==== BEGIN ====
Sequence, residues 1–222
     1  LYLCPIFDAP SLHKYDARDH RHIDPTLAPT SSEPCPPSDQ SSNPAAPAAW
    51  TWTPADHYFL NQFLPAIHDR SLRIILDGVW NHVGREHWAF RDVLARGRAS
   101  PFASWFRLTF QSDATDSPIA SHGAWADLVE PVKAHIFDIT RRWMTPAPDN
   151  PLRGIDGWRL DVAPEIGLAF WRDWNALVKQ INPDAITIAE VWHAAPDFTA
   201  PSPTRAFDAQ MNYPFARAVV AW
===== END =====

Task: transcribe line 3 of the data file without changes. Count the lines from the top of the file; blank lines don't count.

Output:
    51  TWTPADHYFL NQFLPAIHDR SLRIILDGVW NHVGREHWAF RDVLARGRAS